SPOTLIGHT | Prairie Lights Books & Cafe


prairie lights284Publishers Weekly, familiarly known in the book world as PW and “the bible of the book business,” is a weekly news magazine focused on the book publishing business. It is targeted at publishers, booksellers, librarians, literary agents, authors and the media. It offers feature articles and news on all aspects of the book business, bestsellers lists in a number of categories, and industry statistics, and pre-publication book reviews. Every year for the past twenty-two years, PW honors one independent bookstore as Bookstore of the Year. This year, of the eighteen bookstores nominated, five have been named as finalists and the winner be announced during the BookExpo America held in New York City at the end of May.

Iowa City’s Prairie Lights Books & Café is one of the finalists. We asked co-owner Jan Weissmiller some questions about the bookstore’s history, as well as some of the amazing things that have happened at Prairie Lights Books & Café since they opened their doors thirty-six years ago.


Q: What is the history of Prairie Lights Books & Cafe?

Jan Weissmiller: Prairie Lights was opened by James Harris at 102 S. Linn Street in Iowa City on May 13, 1978. It moved to its present location at 15 S. Dubuque Street in December of 1983. It has since expanded twice in this location and now is an 11,000 square foot space occupying three floors. It includes a cafe and a full floor of children’s book. The reading series, Live from Prairie Lights, began in 1990 and was broadcast by the local NPR affiliate for 18 years until funding for Iowa Public Radio was cut. The readings are currently streamed live through the internet. In January 2008 Jane Mead and myself—both graduates of The Iowa Writers’ Workshop—bought the store.


Q. What challenges have you come across in running an independent bookstore?

JW: 2008 was a somewhat ill-fated time for us to buy the store. Our challenges are those of most independents: Amazaon, e-books and the economy. Downtown Iowa City was greatly affected in 2000 when the largest mall in Iowa was built in our bedroom community of Coralville. Though recently the downtown has begun to revive.


plightsQ: What are some successes and surprises you have had throughout the years?

JW: President Obama’s visit in March of 2010 was our biggest moment of surprise. We were also surprised in 2010 when Paul Harding—then teaching at The Writers’ Workshop—won The Pulitzer Prize for Tinkers, and was published by Bellevue Literary Press. Margaret Atwood surprised us with an unexpected visit in October when she was in town for other reasons.


Q: What is your bestseller of the year so far?

JW: Our bestseller is The Wahls Protocol by Dr. Terry Wahls who lives in Iowa City. That is followed by The Keillor Reader (Garrison Keillor did a reading at our store) and The Empathy Exams by Leslie Jamison. We are hand-sellling the last one extensively. Our buyer, Paul Ingram, has a book coming out next month, The Clerihews of Paul Ingram. It will be on the June Indienext List and has a blurb from Roz Chast. We are sure it will be our bestseller for 2014.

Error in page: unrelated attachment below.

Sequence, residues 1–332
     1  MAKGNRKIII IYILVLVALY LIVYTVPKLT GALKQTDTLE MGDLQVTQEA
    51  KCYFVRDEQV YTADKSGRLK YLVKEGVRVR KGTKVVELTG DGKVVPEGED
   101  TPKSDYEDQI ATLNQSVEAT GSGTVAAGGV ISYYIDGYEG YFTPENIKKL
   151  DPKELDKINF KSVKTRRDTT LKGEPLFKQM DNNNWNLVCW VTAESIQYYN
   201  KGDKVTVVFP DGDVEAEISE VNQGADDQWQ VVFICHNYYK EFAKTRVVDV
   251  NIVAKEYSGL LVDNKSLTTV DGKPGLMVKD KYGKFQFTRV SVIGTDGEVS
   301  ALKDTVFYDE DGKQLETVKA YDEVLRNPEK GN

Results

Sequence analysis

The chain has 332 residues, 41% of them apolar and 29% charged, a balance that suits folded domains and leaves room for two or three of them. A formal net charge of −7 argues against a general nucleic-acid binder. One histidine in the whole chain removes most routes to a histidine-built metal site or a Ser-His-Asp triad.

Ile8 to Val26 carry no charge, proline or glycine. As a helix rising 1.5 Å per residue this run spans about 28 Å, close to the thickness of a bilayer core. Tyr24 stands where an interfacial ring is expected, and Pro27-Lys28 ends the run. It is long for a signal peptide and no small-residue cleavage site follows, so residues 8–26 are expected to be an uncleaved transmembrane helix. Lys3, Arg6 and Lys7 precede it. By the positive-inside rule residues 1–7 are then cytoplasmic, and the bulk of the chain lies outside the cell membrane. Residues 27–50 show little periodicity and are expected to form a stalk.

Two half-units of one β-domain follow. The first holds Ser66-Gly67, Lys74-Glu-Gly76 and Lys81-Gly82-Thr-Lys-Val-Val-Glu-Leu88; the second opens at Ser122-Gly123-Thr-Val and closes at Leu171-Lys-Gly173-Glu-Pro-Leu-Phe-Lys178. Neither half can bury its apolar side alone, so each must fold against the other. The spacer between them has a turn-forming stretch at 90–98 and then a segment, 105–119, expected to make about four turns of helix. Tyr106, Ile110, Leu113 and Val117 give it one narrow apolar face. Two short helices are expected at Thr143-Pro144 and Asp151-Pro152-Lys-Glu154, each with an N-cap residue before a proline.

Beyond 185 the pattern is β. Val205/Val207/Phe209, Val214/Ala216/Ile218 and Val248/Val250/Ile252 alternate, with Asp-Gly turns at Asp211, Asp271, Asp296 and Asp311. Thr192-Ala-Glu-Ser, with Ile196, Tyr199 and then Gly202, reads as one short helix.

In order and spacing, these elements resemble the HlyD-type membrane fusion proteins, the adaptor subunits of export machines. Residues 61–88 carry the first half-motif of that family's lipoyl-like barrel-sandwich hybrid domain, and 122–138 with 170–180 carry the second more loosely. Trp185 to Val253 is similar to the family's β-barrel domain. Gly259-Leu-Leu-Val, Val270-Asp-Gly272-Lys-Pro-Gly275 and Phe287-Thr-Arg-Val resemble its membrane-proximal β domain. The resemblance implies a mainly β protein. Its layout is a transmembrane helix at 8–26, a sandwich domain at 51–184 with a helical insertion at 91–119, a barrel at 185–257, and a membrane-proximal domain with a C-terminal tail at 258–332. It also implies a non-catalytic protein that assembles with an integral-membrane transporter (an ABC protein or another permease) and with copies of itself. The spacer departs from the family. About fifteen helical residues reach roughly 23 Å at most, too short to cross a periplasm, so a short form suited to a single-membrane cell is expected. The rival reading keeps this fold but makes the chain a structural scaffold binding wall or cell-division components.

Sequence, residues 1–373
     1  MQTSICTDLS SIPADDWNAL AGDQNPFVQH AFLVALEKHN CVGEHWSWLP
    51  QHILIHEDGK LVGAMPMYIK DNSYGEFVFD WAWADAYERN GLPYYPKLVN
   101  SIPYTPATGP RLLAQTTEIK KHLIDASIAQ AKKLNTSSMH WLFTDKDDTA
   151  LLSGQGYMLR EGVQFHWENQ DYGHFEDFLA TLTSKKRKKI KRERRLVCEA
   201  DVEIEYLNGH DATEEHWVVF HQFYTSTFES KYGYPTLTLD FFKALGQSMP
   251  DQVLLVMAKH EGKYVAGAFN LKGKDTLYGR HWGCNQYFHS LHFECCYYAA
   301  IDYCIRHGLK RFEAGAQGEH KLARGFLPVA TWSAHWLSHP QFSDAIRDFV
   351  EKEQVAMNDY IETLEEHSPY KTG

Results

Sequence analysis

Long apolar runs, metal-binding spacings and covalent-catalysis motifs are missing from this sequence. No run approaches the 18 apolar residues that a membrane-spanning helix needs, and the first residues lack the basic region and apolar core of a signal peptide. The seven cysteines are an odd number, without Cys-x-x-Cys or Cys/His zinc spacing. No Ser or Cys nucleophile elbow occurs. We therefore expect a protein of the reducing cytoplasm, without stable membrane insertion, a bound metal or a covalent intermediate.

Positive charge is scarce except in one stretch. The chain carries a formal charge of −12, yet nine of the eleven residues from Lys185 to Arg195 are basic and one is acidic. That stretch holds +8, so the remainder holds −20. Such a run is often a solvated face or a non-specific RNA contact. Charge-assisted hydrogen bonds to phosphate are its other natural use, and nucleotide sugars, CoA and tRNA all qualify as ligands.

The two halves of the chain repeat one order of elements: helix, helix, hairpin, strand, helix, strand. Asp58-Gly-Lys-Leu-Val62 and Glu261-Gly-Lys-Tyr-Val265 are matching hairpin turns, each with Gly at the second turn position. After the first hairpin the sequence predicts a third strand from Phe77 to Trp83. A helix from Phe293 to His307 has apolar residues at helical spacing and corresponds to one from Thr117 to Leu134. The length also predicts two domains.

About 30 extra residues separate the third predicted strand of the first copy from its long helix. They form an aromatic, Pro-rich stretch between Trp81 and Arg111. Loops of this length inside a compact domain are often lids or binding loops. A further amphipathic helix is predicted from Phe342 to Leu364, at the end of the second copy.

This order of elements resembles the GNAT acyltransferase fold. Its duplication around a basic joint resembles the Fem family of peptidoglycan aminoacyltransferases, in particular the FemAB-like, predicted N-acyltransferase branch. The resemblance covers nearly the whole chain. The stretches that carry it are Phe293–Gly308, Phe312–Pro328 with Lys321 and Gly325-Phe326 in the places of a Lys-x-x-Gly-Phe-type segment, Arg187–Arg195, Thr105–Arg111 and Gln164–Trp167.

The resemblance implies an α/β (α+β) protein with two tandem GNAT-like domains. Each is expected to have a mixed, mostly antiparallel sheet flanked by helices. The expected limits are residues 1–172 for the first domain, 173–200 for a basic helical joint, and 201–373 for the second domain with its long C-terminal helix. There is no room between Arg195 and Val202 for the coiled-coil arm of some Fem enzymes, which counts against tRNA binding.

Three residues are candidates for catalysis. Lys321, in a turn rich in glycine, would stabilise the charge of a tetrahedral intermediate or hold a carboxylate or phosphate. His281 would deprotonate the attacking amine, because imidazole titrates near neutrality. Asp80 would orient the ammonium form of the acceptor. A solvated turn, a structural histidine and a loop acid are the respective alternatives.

Q: What are some of the events you have hosted?

JW: We recently hosted Garrison Keillor and will host David Sedaris in June. Our list is extensive. Over the years many Pulitzer-Prize Winners have read here: Marilynne Robinson, Jane Smiley, Michael Cunningham, Annie Proulx, Adam Johnson, Jorie Graham, Rita Dove, Ted Kooser, and Elizabeth Strout come immediately to mind. Rachel Kushner and Allan Gurganus were both here in April. Erik Larson and Kathryn Stockett have been here. We have also had Nobel Laureates Susan Sontag and JM Coetzee.


Q: If you could have any two writers collaborate on writing a mystery novel, who would they be?

JW: Virginia Woolf and Roberto Bolano.


plights3Q: Is there anything else you would like to share?

JW: Our Cafe is called “The Times Club” after a literary salon that was held in this very same building in the 1930’s. It was organized by Grant Wood who brought in Robert Frost, Sherwood Anderson, and Robert Louis Stevenson—among others. We now host art shows in the cafe that are curated by recent MFA’s in the storied UI Painting Program—the same one in which Grant Wood taught. We had a wedding in our store a couple of years ago and will have another on May 17th. We’re thinking of competing with Las Vegas as a pop-up wedding site.




Chelsey Clammer
Chelsey Clammer is an award-winning essayist who has been published in The Rumpus, Essay Daily, The Water~Stone Review and Black Warrior Review among many others. She is the Essays Editor for The Nervous Breakdown. Her first collection of essays, BodyHome, was released from Hopewell Publishing in Spring 2015. Her second collection of essays, There Is Nothing Else to See Here, is forthcoming from The Lit Pub. You can read more of her writing at

One Reply to “SPOTLIGHT | Prairie Lights Books & Cafe”

  1. One of THE BIGGEST REASONS we miss Iowa City is Prairie Lights. We’re in Helsinki now but move back to I-C IA in July, so yay for us ((altho’ we’ve loved this year in Finland.))
    — Marsha Paulsen Peters and John Durham Peters

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